For example, instead of returning to the same auto dealership three times over the course of the year, pitch your football, basketball, and auto racing contests all at the same time. Just be sure to include the tripled promotional value in the price of the bundled package.

Put Numbers to Promotional Elements in the Package

Once you have identified your sponsorship type, aligned your contest with any relevant special sections or programming, and bundled contests together, it’s time to actually put a price on everything.

Start by thinking of the value of every individual element you are including in the package. What promotion are you offering in print or on air? What about online? On Facebook or other social media platforms? Will you be including an email opt-in on the registration page? Sending a promotional email to your database with links to your advertiser’s website or Facebook page? Will you be including their logo or a special coupon or offer?

Remember – everything you offer has value.

So, let’s take a look at a sample package for a single contest being run by a mid-size newspaper:

  • Contest setup and placement on the contest page of your website: $500
  • 100,000 300×250 ROS impressions on website: $2,000
  • 100% SOV expanding pencil ad on your homepage (twice during contest:) $2,000
  • Feature on homepage carousel promoting contest with logo: $750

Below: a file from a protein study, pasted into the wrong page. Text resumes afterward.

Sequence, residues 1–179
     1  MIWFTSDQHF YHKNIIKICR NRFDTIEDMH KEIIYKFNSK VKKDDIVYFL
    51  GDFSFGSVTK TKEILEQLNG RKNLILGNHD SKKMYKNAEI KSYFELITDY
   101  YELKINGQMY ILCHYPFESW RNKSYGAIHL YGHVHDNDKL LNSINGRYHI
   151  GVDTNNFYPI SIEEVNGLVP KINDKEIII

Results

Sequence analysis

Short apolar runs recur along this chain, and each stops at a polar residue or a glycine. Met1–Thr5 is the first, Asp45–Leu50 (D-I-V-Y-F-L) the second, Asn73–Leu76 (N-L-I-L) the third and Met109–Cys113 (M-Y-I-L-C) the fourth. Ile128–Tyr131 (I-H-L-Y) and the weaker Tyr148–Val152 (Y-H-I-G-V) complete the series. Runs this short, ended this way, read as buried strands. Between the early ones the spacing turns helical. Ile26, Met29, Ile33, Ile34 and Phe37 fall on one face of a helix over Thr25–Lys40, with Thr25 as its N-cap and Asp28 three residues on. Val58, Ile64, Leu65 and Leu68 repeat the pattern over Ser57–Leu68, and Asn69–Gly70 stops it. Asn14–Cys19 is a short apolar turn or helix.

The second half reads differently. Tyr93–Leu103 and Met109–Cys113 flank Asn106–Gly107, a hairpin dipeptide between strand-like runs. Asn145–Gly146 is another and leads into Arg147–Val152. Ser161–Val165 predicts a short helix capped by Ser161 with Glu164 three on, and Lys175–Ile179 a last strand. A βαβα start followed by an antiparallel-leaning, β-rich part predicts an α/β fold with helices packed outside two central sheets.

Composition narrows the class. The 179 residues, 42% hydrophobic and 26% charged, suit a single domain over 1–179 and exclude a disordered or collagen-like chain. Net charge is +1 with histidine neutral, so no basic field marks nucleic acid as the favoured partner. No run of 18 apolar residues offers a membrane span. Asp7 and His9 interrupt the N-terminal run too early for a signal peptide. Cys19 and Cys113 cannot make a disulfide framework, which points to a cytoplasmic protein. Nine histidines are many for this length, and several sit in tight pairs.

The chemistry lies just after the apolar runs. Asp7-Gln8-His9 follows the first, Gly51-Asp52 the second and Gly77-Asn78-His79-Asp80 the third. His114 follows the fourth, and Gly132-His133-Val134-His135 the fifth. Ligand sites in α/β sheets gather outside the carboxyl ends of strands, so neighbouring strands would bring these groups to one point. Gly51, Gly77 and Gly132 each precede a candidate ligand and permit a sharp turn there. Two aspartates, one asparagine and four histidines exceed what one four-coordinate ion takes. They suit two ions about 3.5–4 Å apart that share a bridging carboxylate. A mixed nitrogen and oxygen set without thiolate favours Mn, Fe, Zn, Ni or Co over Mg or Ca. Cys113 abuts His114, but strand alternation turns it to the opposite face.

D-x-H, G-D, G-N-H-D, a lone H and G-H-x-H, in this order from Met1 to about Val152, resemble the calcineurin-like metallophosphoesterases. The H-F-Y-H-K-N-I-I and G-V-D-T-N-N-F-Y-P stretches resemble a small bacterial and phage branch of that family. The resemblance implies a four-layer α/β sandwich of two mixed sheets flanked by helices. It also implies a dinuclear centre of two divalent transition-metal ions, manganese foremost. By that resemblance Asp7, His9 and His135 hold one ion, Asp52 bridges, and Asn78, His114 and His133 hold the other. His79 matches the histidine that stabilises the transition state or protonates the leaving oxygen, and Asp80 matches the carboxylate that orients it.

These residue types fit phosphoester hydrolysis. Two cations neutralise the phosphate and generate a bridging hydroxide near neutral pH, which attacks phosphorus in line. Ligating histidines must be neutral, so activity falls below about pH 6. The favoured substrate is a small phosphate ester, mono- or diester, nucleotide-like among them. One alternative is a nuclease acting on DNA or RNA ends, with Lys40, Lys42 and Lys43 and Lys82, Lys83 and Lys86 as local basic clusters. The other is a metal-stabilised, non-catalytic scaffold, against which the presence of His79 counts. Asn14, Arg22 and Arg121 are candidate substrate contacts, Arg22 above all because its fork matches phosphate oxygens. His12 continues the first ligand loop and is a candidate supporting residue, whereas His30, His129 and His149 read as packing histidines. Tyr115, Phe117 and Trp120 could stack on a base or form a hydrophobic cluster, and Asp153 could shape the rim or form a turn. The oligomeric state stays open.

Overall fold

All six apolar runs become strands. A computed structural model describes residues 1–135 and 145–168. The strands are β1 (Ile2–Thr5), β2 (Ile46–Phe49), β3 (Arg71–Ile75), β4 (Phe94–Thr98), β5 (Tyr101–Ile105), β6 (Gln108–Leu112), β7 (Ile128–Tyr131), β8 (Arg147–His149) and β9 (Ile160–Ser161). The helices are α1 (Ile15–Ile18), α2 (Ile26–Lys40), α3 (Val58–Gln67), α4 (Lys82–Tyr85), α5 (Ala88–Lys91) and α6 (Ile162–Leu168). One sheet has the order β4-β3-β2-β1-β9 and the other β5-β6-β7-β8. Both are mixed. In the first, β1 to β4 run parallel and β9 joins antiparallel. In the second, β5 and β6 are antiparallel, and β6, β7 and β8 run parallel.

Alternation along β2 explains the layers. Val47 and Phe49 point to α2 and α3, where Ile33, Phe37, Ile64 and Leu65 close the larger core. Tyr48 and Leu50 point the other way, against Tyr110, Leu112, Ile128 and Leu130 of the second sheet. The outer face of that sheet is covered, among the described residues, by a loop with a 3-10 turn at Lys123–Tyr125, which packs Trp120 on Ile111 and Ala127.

• Email opt-in on the contest registration page: $500
  • Like button for the advertiser on the registration page: $500
  • Email campaign with 6 different emails, all including the advertiser’s logo $5,000
  • Logo inclusion on all promo ads for the contest in print and online: $1,000
  • Social media mentions with links back to the advertiser’s Facebook or Twitter pages throughout the contest: $500

Total value: $8,250

Prepare Your Pitch

Once you have priced your package and are preparing your pitch for the advertiser(s), here are a few things to keep in mind:

  • Facebook Likes have value. Facebook Likes for your advertiser are gifts that keep on giving, as they can continue to market to those customers long after the contest has ended.
  • Email Opt-ins have value. An email opt-in database is an incredibly valuable tool for identifying new leads after the contest.
  • A loyal audience has value. Sports pick’em contests and user-generated contests – like photo and video contests – attract an audience that will return week after week or day after day to enter, vote, check for winners, and more. You advertiser’s brand would be front and center for that repeated exposure.
  • The ability to reach a niche audience has value. Contest entrants tend to be a highly-targeted, self-selecting bunch. If your advertiser is a good fit for the theme of the contest, then they will be exposed to a relevant audience full of potential new leads.

So there you go! Now you have the tools and tips you need to accurately price your sponsor packages and ensure that you are receiving adequate compensation for the promotion you are providing your advertisers.